Frances Stark

Ian F. Svenonius’s “Censorship Now” for the 2017 Whitney Biennial, Spread 1 of 8 (Sincerely)
2017

Not on view

Date
2017

Classification
Paintings

Medium
Acrylic, ink, and oil on canvas

Dimensions
79 × 104 in. (188 × 264.2 cm)

Accession number
2018.109

Credit line
Purchase, with funds from the Painting and Sculpture Committee

Rights and reproductions
© Frances Stark


Audio

  • Whitney Biennial 2017, Spanish

    Frances Stark

    Frances Stark

    0:00

    Frances Stark: Soy Frances Stark.

    Al acercarse a esta obra, se descubre, sobre todo, CENSURA AHORA. Es la frase más molesta e incómoda que puede imaginar un artista, una persona creativa, o cualquiera que visite un museo.

    Narrator: En una pintura, Stark incluyó subrayados rojos y estrellas azules destacadas. Remiten a la bandera estadounidense y a la historia de violencia y opresión que, en ocasiones, se ha llevado a cabo bajo esta bandera.

    Frances Stark: En este pasaje, hay dos elementos particularmente desgarradores, uno es la historia del estado profundo del gobierno del país; el otro es la cuestión de la pertinencia y agencia del artista.

    Los artistas tienen que enfrentar una realidad muy difícil y esa es su complicidad con los mecanismos del poder.

    Al llegar al final del capítulo se expresa con claridad: "El Estado no puede ser el censor. El Estado debe ser censurado". Esto coloca al artista en la posición de un agresor del Estado. No sabemos cómo es eso, pero sabemos que cualquiera que lo intente terminará muerto. Lo que intento decir en respuesta es, ¿de qué manera podré lograr eso? ¿Cómo puedo silenciar a CNN, MSNBC o Fox News? ¿Cómo puedo lograrlo desde mi calidad de artista sola?

    El arte, especialmente la pintura, funciona como instrumento económico. Esa es la manera en que el arte se valúa. Pensé que la mejor plataforma que podía ofrecerle a un héroe alternativo y marginal del mundo de la música era colocarlo en un lienzo gigante estirado. En cierta forma imaginé que podía ofrecerle un lienzo de $9,000 como plataforma para llevarlo como artista estadounidense a la Bienal del Whitney.

  • Whitney Biennial 2017

    Frances Stark

    Frances Stark

    0:00

    Frances Stark: I am Frances Stark.

    So basically, when you approach this work you see CENSORSHIP NOW. It is the most rankling, uncomfortable phrase that you could imagine having to deal with as an artist or a creative person or someone who finds themselves in a museum.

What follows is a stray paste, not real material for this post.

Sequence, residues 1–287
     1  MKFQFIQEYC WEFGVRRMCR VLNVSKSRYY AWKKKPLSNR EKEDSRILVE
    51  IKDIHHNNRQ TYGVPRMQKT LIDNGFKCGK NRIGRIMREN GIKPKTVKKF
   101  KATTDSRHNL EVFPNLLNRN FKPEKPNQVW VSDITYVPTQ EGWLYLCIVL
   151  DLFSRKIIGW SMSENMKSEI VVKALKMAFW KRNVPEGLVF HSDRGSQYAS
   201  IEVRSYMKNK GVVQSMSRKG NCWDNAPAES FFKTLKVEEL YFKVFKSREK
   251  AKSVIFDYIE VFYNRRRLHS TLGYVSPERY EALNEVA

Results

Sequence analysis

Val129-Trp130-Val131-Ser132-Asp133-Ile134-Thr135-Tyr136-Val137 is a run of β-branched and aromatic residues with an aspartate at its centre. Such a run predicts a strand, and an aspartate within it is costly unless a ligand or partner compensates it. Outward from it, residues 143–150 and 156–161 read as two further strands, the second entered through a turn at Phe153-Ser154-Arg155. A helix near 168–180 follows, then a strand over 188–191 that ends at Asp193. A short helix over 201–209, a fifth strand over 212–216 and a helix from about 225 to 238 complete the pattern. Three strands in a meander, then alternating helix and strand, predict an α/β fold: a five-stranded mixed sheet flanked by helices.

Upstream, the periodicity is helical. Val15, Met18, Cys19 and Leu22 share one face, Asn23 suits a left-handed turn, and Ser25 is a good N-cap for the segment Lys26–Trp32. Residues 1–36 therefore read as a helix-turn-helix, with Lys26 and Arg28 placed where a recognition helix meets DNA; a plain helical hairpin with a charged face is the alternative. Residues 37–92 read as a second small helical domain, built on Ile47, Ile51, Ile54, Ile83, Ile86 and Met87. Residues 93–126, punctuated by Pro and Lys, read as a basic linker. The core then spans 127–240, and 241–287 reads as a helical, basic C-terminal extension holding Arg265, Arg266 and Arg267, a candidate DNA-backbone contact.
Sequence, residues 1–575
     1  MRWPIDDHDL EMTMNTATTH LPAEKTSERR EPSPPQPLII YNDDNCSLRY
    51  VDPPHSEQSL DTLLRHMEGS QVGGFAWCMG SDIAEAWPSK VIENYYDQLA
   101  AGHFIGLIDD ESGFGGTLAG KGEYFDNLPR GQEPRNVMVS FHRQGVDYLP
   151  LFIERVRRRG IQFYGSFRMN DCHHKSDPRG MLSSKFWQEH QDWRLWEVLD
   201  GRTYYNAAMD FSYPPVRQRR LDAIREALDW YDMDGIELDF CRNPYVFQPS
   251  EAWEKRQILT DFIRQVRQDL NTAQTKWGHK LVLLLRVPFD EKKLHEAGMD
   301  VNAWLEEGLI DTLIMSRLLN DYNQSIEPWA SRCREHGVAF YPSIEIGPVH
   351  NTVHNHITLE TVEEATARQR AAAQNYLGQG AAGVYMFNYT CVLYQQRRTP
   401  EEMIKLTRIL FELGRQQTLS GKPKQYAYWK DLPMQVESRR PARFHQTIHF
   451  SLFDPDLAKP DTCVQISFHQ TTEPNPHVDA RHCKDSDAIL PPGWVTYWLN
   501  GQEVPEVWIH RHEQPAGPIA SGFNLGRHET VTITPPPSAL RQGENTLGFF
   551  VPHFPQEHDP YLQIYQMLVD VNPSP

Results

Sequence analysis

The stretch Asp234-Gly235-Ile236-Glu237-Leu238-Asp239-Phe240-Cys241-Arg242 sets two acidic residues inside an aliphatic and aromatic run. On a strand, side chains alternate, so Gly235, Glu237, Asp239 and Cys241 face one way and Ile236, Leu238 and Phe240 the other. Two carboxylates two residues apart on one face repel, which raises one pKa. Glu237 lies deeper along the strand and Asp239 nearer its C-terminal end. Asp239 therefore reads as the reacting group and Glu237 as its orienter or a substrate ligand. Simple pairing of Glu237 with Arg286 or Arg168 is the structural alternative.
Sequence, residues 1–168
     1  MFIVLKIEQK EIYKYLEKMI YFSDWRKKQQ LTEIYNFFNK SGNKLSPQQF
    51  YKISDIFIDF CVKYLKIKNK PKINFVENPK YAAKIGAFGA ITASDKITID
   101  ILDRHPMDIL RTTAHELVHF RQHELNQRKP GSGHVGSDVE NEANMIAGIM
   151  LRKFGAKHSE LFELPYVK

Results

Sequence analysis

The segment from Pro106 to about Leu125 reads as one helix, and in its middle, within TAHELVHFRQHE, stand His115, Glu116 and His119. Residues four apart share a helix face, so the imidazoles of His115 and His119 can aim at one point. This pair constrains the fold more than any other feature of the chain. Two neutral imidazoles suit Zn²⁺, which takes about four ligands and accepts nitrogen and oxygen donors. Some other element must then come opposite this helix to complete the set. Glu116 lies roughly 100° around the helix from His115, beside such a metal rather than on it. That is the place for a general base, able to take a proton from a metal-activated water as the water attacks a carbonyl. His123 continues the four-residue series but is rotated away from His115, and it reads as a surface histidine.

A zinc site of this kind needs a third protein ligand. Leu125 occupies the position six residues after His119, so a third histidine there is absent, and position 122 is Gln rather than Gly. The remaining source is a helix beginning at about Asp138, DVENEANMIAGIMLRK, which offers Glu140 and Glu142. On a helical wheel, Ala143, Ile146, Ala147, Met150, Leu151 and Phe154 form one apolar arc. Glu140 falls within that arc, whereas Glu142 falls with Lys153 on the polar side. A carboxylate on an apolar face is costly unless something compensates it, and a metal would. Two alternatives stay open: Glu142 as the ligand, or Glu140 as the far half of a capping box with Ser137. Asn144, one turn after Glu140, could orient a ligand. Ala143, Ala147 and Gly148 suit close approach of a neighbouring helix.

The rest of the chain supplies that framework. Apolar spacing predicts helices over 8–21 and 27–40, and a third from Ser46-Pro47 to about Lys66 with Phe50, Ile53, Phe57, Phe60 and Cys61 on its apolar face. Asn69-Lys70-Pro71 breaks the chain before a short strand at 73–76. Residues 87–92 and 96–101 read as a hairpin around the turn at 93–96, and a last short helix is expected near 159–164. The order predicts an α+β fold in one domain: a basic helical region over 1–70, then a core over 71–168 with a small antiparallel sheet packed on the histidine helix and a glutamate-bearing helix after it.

Narrator: In one painting, Stark has included red paint underlines and blue highlighting stars. These refer to the American flag and the history of violence and oppression that has, at times, been carried out under its banner.

    Frances Stark: In this passage, there are two things that are particularly heartbreaking, and one is the history of the deep state of the United States government, and the other is the question of the relevance and agency of the artist.

    There's a very difficult reality that artists have to face and that is their complicity to the mechanisms of power.

    When you get to the end of the chapter and it's stated very clearly "The state can't be the censor. The state must be censored." This puts the artist in the position as aggressor toward the state. We don't know what that looks like. Well, we know that anybody who tries it ends up dead. What I think I'm trying to say in response, is that in what way am I able to do that? How can I shut down CNN or MSBC or Fox News? How am I to do that as a single artist?

    Art, and especially painting, function as financial instruments. That is how they are valued. I imagined that the best possible soapbox I could give to this underground outsider hero-figure from the music world would be to put it on giant canvas, stretched canvas. In a sense, I imagined that I could offer him $9,000 worth of stretched canvas as a soapbox to bring him in as an American artist into the Whitney Biennial.


Frances Stark
10 works

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